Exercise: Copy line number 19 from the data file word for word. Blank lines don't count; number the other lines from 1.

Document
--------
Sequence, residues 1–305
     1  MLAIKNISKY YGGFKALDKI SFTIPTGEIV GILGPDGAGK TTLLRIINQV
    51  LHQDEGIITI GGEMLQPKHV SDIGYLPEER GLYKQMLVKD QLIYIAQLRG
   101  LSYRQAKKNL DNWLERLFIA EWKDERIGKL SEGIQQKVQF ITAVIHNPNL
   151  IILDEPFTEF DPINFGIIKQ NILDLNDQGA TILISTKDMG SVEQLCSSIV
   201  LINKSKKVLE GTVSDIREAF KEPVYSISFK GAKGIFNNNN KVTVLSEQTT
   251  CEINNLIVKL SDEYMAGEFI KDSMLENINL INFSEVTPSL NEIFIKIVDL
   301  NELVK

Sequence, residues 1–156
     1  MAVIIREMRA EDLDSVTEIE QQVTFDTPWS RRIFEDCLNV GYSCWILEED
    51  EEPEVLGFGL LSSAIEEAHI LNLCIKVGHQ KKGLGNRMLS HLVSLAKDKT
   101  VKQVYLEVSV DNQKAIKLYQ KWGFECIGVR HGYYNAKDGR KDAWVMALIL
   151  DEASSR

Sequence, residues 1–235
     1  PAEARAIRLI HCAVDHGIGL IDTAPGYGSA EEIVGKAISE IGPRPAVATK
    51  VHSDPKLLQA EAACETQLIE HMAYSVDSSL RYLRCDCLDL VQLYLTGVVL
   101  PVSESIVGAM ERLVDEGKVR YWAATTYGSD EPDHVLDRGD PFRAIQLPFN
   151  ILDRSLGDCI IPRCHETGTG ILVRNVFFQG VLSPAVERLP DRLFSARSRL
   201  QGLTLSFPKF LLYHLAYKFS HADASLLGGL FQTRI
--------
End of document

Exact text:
   201  QGLTLSFPKF LLYHLAYKFS HADASLLGGL FQTRI